I was once asked by a recruitment consultant what my parents did for a living.
They were shortlisting me for a professional job and seemed to be asking if I was from the ‘right’ kind of background. That was about 20 years ago, and a lot has changed since then.
However, it remains the case that if you had a parent in a professional job, you are still more likely to get in and get on in the professions than if you are from a working-class background – 60% more likely according to the Social Mobility Commission’s latest state of the nation report.
Other research data shows the lack of socio-economic diversity in the legal sector:
- 57% of the those working in the legal sector had a parent in a professional or managerial job compared to 37% of the wider working population.
- 23% of the solicitors’ profession was privately educated compared to 7% of the population as a whole.
- In 10 leading law firms, 53% of partners went to an independent school and 47% of the wider employee population.
This latter statistic from the Bridge Group research highlights the scale of the challenge, as not only is there a lack of socio-economic diversity at senior level, but it is also missing in the pipeline beneath.
This is despite some good initiatives that have been undertaken in the past 10 years, including the PRIME Commitment, which over 60 law firms participate in, committing to providing good quality work experience to school students from less privileged backgrounds.
It is time for firms and organisations to build on these initiatives and really ensure they are enabling, rather than blocking, greater socio-economic diversity within the profession.
The pandemic presents 'a huge risk that the gulf between the rich and the poor will grow ever deeper and wider,' according to the Social Mobility Commission.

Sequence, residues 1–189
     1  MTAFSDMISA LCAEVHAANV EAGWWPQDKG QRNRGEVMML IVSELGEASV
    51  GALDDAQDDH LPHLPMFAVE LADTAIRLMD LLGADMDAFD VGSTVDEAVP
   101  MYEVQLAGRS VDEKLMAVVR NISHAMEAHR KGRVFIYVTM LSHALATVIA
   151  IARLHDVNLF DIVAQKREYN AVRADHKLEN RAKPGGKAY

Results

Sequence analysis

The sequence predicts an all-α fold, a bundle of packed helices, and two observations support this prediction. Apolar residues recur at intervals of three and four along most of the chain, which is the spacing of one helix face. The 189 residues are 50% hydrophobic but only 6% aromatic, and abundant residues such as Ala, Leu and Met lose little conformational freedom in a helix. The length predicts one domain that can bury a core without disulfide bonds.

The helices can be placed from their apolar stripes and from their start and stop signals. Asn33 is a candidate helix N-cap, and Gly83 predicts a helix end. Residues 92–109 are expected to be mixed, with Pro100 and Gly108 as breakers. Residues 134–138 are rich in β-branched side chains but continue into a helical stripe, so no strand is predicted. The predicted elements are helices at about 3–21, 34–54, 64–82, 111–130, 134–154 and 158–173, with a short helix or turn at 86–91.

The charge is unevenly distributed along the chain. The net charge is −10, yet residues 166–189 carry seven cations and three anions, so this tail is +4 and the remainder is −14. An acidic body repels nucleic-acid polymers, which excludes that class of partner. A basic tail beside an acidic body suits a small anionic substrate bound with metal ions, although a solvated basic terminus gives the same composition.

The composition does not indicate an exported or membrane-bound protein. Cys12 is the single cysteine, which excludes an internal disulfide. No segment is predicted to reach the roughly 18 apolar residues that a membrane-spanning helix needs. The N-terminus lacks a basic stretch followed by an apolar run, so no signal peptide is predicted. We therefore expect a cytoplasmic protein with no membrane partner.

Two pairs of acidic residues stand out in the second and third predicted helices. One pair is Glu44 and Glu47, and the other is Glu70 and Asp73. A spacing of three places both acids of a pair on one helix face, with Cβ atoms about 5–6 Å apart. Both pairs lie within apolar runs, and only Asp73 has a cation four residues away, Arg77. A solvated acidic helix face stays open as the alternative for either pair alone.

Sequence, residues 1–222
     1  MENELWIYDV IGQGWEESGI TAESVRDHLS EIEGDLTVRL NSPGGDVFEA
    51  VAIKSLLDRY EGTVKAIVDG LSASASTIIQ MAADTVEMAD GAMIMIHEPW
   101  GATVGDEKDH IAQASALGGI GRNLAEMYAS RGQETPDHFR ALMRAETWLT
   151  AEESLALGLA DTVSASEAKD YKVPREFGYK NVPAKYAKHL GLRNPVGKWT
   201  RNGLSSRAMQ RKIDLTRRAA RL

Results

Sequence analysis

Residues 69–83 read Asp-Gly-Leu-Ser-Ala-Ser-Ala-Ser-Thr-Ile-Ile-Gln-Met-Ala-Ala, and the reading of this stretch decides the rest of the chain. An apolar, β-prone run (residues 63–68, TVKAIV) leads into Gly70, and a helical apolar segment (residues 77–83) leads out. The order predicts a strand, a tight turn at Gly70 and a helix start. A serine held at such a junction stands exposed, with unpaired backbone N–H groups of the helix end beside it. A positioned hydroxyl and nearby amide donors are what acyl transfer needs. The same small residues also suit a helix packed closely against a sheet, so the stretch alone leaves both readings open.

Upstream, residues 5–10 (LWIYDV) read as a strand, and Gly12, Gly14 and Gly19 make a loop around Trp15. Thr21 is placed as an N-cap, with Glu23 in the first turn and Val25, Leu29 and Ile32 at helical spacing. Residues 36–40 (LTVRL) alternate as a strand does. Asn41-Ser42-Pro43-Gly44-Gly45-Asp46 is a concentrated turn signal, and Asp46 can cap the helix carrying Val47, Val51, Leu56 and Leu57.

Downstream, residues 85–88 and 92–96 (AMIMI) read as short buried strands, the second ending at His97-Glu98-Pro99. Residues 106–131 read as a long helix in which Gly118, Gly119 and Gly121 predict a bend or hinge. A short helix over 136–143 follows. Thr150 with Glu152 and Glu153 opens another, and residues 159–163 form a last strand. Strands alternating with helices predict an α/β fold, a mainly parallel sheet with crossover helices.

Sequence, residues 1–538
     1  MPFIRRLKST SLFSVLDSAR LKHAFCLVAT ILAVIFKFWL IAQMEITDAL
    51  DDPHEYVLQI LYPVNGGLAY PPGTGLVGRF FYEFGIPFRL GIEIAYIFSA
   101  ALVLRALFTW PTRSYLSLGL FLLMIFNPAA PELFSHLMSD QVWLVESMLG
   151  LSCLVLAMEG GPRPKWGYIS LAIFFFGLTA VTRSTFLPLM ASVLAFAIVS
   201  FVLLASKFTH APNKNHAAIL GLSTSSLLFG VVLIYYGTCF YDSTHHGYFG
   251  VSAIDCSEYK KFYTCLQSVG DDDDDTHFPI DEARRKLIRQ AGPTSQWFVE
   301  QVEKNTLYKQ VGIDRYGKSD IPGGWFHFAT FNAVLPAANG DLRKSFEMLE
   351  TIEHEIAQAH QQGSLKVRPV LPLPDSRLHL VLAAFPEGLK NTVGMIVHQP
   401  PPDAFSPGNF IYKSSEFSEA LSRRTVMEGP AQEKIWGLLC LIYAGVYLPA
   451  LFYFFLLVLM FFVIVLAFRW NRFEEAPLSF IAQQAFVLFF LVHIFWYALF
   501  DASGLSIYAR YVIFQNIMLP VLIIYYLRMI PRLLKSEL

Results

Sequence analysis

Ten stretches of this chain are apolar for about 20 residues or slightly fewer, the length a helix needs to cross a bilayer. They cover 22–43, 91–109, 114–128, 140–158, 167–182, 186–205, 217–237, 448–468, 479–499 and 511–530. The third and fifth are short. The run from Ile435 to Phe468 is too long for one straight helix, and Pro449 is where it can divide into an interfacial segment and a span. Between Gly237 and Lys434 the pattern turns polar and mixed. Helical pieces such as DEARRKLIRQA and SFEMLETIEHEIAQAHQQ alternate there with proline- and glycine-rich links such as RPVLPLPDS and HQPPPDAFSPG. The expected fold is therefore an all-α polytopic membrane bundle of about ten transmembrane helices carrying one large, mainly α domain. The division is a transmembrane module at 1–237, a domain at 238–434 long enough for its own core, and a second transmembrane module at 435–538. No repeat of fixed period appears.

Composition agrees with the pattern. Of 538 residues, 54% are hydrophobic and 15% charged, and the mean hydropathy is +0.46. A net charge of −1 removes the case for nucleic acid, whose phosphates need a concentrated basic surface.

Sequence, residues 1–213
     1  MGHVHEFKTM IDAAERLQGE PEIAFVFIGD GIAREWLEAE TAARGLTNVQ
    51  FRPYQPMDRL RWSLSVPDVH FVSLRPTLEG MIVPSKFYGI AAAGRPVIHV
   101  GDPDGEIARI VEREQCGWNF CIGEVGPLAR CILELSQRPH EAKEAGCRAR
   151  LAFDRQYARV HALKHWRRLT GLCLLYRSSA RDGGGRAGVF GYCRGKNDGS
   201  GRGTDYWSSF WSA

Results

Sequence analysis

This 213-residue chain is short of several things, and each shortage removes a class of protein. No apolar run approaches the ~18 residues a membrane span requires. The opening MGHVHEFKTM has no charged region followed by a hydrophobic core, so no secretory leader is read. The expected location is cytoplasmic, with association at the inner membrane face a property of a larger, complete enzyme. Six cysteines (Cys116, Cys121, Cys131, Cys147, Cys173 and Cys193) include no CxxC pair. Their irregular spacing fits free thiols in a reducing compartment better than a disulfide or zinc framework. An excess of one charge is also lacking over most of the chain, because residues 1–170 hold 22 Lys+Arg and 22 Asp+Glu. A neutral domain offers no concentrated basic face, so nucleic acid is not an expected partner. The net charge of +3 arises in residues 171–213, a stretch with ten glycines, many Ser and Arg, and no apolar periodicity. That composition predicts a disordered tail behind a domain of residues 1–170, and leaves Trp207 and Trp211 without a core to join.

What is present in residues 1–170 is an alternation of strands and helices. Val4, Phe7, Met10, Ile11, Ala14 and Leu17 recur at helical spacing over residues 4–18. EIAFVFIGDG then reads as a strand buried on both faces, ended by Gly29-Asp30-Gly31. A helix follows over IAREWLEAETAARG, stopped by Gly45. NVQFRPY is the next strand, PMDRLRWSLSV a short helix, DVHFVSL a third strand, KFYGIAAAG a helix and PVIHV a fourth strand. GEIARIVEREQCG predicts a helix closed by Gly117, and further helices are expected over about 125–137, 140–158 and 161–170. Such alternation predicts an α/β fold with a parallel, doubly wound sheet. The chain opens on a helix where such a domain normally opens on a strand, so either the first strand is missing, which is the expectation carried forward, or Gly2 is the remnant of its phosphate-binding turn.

There are reputational risks for firms and organisations if they do not become more reflective and inclusive of the diversity in the wider working population and some are beginning to realise the benefits that different perspectives, experiences and insights bring to legal practice.
The challenge many are grappling with is how to translate commitments into effective action and how to be more strategic rather than ad hoc in their approach.
There is clearly much that needs to change beyond the legal sector to improve social mobility in this country. But a starting point for employers in developing an effective strategy and action plan, identified by the Commission, is for 'all employers to measure the social diversity of their workforce and focus on career progression for those from lower socio-economic backgrounds'.
The Law Society and the Solicitors Regulation Authority (SRA) worked with the Commission last year to help develop an employers’ toolkit for professional services, which includes a set of questions for employers to ask to measure socio-economic diversity and gain a better understanding of the issues in their organisation and evaluate the impact of their initiatives.
The SRA is mirroring those questions in its latest diversity data collection exercise from law firms and in the data collected from individual solicitors. The key question to focus on is: 'What was the occupation of your main household earner when you were about aged 14?'
Additional questions can help organisations to understand economic or cultural advantage (like type of school attended or if a graduate hire’s parents had also attended university) or economic disadvantage (like eligibility for free school meals) which can help organisations target their outreach efforts.
Obviously, asking the question is one thing, gaining responses from individuals to build a reliable dataset and knowing how to analyse and use the data as the foundation of a strategy is quite another.
On 12 October, the Law Society, together with the Social Mobility Commission, the SRA and two member firms of PRIME will discuss these issues, practical challenges faced by organisations and existing good practice in our second webinar on Driving Social Mobility Change.
View the full programme and book your place here.
In advance of the webinar, tell us your views of social mobility in the profession and how comfortable you would feel sharing information about what your parents did for a living by participating in this poll.
A recording of our first ‘Driving Social Mobility Change’ webinar with the Bridge Group is available to watch here.
Sally Brett, head of diversity and inclusion at the Law Society
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